09 February 2016

Arcadia by Iain Pears

Summary from Goodreads:
Henry Lytten - a spy turned academic and writer - sits at his desk in Oxford in 1962, dreaming of other worlds.

He embarks on the story of Jay, an eleven-year-old boy who has grown up within the embrace of his family in a rural, peaceful world - a kind of Arcadia. But when a supernatural vision causes Jay to question the rules of his world, he is launched on a life-changing journey.

Lytten also imagines a different society, highly regulated and dominated by technology, which is trying to master the science of time travel.

Meanwhile - in the real world - one of Lytten's former intelligence colleagues tracks him down for one last assignment.

As he and his characters struggle with questions of free will, love, duty and the power of the imagination, Lytten discovers he is not sure how he wants his stories to end, nor even who is imaginary...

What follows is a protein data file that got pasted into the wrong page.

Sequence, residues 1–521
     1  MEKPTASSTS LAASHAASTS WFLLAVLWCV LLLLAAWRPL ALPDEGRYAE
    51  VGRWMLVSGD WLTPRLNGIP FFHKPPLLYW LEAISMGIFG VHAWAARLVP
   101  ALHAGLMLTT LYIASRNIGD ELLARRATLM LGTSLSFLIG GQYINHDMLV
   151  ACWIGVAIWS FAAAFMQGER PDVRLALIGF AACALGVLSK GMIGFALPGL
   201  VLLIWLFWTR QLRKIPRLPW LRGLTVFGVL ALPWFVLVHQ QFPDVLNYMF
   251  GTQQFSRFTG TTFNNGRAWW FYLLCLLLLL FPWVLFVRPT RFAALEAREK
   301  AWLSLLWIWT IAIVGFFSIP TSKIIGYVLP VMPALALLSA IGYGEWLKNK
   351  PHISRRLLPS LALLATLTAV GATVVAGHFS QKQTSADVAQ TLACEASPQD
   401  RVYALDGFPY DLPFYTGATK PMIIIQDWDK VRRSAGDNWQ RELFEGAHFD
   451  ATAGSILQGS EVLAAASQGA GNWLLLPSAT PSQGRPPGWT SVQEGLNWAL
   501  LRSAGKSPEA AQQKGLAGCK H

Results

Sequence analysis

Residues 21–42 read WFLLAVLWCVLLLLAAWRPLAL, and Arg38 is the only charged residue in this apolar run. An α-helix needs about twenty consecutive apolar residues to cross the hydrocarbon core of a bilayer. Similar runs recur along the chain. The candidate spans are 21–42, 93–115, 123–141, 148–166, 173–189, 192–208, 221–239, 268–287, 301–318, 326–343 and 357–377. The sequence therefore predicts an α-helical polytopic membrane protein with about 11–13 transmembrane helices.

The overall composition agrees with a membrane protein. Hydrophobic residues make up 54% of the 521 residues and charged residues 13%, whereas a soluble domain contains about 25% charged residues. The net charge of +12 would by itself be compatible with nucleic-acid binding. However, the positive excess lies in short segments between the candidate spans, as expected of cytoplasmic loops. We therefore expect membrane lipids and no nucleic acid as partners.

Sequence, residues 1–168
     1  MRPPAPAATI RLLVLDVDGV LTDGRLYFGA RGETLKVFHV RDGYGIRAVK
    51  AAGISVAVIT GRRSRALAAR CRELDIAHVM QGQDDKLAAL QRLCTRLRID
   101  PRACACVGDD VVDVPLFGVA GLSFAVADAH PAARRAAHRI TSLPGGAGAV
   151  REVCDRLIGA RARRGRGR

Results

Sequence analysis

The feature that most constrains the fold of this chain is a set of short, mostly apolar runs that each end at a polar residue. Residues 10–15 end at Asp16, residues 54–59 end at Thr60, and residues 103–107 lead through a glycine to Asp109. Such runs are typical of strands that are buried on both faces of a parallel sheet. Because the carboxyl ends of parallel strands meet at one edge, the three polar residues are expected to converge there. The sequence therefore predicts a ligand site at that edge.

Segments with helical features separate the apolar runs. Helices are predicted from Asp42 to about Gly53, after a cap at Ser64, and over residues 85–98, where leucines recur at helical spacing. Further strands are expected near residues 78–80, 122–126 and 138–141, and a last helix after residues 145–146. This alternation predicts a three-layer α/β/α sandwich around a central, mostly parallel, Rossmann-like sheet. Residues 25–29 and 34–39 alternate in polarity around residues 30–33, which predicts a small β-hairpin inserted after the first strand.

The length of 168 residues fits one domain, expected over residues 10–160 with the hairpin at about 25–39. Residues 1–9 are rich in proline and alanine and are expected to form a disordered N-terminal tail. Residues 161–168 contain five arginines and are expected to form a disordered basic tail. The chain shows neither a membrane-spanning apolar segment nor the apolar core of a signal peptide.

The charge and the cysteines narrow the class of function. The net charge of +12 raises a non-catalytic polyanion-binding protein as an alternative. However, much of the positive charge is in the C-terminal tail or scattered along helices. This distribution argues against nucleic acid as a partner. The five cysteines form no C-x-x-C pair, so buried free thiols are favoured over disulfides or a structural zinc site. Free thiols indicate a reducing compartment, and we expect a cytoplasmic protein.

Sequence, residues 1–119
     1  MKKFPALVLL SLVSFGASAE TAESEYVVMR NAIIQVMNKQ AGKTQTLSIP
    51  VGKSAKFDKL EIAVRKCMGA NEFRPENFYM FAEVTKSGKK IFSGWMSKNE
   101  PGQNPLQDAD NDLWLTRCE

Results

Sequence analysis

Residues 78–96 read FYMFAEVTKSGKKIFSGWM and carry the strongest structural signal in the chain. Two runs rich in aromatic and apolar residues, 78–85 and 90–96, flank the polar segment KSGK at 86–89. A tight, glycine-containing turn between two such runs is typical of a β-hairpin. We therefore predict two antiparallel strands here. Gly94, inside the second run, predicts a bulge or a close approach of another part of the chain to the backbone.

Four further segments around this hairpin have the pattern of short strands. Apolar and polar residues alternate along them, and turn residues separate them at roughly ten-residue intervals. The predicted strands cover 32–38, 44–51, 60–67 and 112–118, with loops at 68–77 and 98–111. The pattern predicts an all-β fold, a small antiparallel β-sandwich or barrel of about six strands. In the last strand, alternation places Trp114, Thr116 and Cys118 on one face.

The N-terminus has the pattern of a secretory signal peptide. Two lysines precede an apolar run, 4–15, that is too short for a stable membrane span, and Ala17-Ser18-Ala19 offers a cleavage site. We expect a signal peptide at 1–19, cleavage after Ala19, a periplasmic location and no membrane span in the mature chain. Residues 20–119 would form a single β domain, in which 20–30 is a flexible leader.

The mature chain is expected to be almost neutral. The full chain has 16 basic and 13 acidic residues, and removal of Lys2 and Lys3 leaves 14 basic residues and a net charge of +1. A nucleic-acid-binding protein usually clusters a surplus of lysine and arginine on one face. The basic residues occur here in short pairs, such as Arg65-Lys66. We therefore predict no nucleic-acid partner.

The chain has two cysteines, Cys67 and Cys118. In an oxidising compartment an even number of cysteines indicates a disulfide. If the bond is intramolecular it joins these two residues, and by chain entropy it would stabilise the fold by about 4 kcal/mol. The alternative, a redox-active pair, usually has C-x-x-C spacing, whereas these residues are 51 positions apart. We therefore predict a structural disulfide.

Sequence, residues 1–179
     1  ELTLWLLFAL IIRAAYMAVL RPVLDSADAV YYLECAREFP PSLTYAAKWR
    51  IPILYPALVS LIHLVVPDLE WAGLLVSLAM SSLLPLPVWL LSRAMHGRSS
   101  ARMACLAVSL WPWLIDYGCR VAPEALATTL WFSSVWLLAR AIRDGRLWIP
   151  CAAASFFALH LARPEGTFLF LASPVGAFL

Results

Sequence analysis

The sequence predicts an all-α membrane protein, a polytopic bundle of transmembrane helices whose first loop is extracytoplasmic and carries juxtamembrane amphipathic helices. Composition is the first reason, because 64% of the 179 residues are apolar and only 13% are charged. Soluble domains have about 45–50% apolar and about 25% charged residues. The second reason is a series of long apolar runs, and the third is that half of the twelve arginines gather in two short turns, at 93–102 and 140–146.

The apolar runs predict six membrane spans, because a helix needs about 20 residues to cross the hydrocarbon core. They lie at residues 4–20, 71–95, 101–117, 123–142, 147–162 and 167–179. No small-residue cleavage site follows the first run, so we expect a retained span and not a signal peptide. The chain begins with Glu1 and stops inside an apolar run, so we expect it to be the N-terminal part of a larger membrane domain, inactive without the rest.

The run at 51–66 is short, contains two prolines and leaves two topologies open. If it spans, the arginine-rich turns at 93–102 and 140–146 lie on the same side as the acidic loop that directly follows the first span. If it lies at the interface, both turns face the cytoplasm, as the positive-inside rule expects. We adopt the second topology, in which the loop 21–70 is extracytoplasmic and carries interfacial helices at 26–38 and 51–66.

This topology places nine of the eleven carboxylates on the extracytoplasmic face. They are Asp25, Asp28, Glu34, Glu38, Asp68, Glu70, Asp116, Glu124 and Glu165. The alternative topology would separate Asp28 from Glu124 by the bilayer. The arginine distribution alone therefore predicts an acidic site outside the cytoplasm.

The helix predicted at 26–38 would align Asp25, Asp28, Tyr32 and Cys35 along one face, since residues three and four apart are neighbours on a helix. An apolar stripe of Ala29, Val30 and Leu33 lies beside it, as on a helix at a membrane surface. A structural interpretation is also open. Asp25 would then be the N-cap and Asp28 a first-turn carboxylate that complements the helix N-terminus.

Being my first experience with Iain Pears, I was expecting Arcadia to be a twisty, literary, very smart novel.  There's a lot going on here: an Inklings-like writing group with fantasy elements (do you like Narnia?  There's a Narnia call back.), time-travel, 1984-like totalitarian future.  Mixed in among the hard SF elements and the fantasy elements is a chicken-and-egg type question:  did Lytten dream up his Arcadia pastoral society which was then realized through Angela's technology or did he dream up the futuristic world which seeded his own reality?  I don't know.  This book twists and turns with characters that jump in and out and change as the narrative moves between settings.

I'm not quite sure Pears pulls the whole thing off - the fantasy and hard SF and Shakespeare and Cold War antics....it's easier if you just go with it and don't think about it too much.  The story doesn't quite gel and some elements - like the "psychomathematician" stuff - pale next to novels where they're used better (think the meta-physics David Mitchell handled in The Bone Clocks).  However, the ending of the book is excellent.  Pears leaves everything for the reader to piece together and I appreciate that greatly.

Dear FTC: I read a DRC of this book via Edelweiss.

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